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«Так говорил Заратустра» на английском языке

Книга Так говорил Заратустра на английском языке

Thus Spake Zarathustra

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Автор
Страниц:
626
Время чтения:
19 часов
Жанры
Философские романы , Романы , Сказки
Опубликовано
1885
Язык оригинала
Немецкий

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INTRODUCTION BY MRS FORSTER–NIETZSCHE1
FIRST PART. ZARATHUSTRA’S DISCOURSES17
ZARATHUSTRA’S PROLOGUE17
117
219
322
426
529
633
735
836
939
1042
I. THE THREE METAMORPHOSES44
II. THE ACADEMIC CHAIRS OF VIRTUE48
III. BACKWORLDSMEN53
IV. THE DESPISERS OF THE BODY59
V. JOYS AND PASSIONS63
VI. THE PALE CRIMINAL66
VII. READING AND WRITING70
VIII. THE TREE ON THE HILL73
IX. THE PREACHERS OF DEATH78
X. WAR AND WARRIORS81
XI. THE NEW IDOL84
XII. THE FLIES IN THE MARKET–PLACE89
XIII. CHASTITY95
XIV. THE FRIEND97
XV. THE THOUSAND AND ONE GOALS101
XVI. NEIGHBOUR–LOVE105
XVII. THE WAY OF THE CREATING ONE108
XVIII. OLD AND YOUNG WOMEN113
XIX. THE BITE OF THE ADDER117
XX. CHILD AND MARRIAGE120
XXI. VOLUNTARY DEATH124
XXII. THE BESTOWING VIRTUE129
1129
2133
3136
SECOND PART138
XXIII. THE CHILD WITH THE MIRROR139
XXIV. IN THE HAPPY ISLES144
XXV. THE PITIFUL149
XXVI. THE PRIESTS154
XXVII. THE VIRTUOUS159
XXVIII. THE RABBLE164
XXIX. THE TARANTULAS169
XXX. THE FAMOUS WISE ONES175
XXXI. THE NIGHT–SONG180
XXXII. THE DANCE–SONG184
XXXIII. THE GRAVE–SONG189
XXXIV. SELF–SURPASSING195
XXXV. THE SUBLIME ONES201
XXXVI. THE LAND OF CULTURE205
XXXVII. IMMACULATE PERCEPTION210
XXXVIII. SCHOLARS215
XXXIX. POETS219
XL. GREAT EVENTS224
XLI. THE SOOTHSAYER231
XLII.REDEMPTION237
XLIII. MANLY PRUDENCE245
XLIV. THE STILLEST HOUR250
THIRD PART255
XLV. THE WANDERER256
XLVI. THE VISION AND THE ENIGMA261
1261
2265
XLVII. INVOLUNTARY BLISS270
XLVIII. BEFORE SUNRISE276
XLIX. THE BEDWARFING VIRTUE282
1282
2284
3289
L. ON THE OLIVE–MOUNT293
LI. ON PASSING–BY299
LII. THE APOSTATES304
1304
2307
LIII. THE RETURN HOME312
LIV. THE THREE EVIL THINGS318
1318
2321
LV. THE SPIRIT OF GRAVITY327
1327
2329
LVI. OLD AND NEW TABLES335
1335
2336
3339
4341
5342
6343
7344
8345
9347
10348
11349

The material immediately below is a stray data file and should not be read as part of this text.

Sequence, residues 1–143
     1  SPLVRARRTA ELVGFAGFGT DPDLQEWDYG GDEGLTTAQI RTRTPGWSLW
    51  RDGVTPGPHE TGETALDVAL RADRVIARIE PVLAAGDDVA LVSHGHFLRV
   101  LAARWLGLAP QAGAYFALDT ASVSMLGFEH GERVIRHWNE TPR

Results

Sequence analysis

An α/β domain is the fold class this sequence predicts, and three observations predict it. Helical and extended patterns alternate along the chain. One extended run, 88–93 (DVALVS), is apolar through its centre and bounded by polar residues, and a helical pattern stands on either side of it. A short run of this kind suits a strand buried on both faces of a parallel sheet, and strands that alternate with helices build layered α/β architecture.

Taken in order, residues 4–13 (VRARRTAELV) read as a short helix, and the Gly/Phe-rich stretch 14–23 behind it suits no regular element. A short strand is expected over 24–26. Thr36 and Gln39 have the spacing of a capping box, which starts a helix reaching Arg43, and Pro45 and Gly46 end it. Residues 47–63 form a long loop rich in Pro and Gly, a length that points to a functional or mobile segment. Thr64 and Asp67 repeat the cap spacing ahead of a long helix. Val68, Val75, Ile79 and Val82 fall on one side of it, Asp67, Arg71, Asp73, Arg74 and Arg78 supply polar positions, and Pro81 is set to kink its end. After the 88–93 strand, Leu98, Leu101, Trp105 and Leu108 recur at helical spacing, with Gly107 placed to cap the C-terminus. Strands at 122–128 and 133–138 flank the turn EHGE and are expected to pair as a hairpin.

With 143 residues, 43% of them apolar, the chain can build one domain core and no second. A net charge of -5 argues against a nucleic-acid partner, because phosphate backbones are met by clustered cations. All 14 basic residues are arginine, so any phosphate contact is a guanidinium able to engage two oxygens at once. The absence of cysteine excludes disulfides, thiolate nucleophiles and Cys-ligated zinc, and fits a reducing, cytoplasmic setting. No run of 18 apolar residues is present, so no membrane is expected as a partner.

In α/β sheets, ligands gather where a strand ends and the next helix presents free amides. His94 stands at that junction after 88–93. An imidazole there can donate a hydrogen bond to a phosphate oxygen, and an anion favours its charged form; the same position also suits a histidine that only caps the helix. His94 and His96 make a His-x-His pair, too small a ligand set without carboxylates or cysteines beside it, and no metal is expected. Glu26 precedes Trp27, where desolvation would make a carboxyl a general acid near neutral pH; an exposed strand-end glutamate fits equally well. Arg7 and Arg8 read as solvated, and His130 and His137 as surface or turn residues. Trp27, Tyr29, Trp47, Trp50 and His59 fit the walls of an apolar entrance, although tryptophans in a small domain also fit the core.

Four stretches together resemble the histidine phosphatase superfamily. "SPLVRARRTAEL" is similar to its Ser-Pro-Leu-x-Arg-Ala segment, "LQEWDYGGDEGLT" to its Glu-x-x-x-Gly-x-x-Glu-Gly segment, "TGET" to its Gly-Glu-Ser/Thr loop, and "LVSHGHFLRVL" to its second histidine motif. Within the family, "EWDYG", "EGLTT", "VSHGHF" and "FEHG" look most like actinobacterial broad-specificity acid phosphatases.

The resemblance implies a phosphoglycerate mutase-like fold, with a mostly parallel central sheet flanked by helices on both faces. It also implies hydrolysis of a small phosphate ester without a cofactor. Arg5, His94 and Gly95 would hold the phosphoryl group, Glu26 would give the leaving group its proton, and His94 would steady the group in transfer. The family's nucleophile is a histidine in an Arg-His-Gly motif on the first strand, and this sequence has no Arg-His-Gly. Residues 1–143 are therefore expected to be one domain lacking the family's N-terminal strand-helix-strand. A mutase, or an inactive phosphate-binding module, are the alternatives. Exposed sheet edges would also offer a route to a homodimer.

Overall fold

12350
13352
14353
15354
16355
17357
18359
19361
20363
21364
22366
23367
24368
25369
26370
27372
28373
29374
30375
LVII. THE CONVALESCENT377
1377
2379
LVIII. THE GREAT LONGING388
LIX. THE SECOND DANCE–SONG393
1393
2396
3398
LX. THE SEVEN SEALS399
1400
2401
3402
4403
5404
6405
7406
FOURTH AND LAST PART407
LXI. THE HONEY SACRIFICE408
LXII. THE CRY OF DISTRESS414
LXIII. TALK WITH THE KINGS420
1420
2425
LXIV. THE LEECH427
LXV. THE MAGICIAN433
1433
2437
LXVI. OUT OF SERVICE443
LXVII. THE UGLIEST MAN451
LXVIII. THE VOLUNTARY BEGGAR459
LXIX. THE SHADOW467
LXX. NOONTIDE473
LXXI. THE GREETING478
LXXII. THE SUPPER487
LXXIII. THE HIGHER MAN491
1491
2492
3493
4495
5496
6497
7498
8499
9500
10501
11502
12503
13504
14506
15507
16508
17509
18510
19511
20512
LXXIV. THE SONG OF MELANCHOLY514
1514
2515
3517
LXXV. SCIENCE520
LXXVI. AMONG DAUGHTERS OF THE DESERT525
1525
2527
LXXVII. THE AWAKENING531
1531
2534
LXXVIII. THE ASS–FESTIVAL537
1537
2541
3542
LXXIX. THE DRUNKEN SONG543
1543
2545
3547
4548
5549
6550
7551
8552
9553
10554
11555
12557
LXXX. THE SIGN558
APPENDIX. NOTES ON "THUS SPAKE ZARATHUSTRA" BY ANTHONY M. LUDOVICI563

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Thus Spake Zarathustra: читать книгу на английском

INTRODUCTION BY MRS FORSTER–NIETZSCHE.

HOW ZARATHUSTRA CAME INTO BEING.

"Zarathustra" is my brother’s most personal work; it is the history of his most individual experiences, of his friendships, ideals, raptures, bitterest disappointments and sorrows. Above it all, however, there soars, transfiguring it, the image of his greatest hopes and remotest aims. My brother had the figure of Zarathustra in his mind from his very earliest youth: he once told me that even as a child he had dreamt of him. At different periods in his life, he would call this haunter of his dreams by different names; "but in the end," he declares in a note on the subject, "I had to do a PERSIAN the honour of identifying him with this creature of my fancy. Persians were the first to take a broad and comprehensive view of history. Every series of evolutions, according to them, was presided over by a prophet; and every prophet had his 'Hazar,' — his dynasty of a thousand years."
All Zarathustra’s views, as also his personality, were early conceptions of my brother’s mind. Whoever reads his posthumously published writings for the years 1869–82 with care, will constantly meet with passages suggestive of Zarathustra’s thoughts and doctrines. For instance, the ideal of the Superman is put forth quite clearly in all his writings during the years 1873–75; and in "We Philologists", the following remarkable observations occur: —
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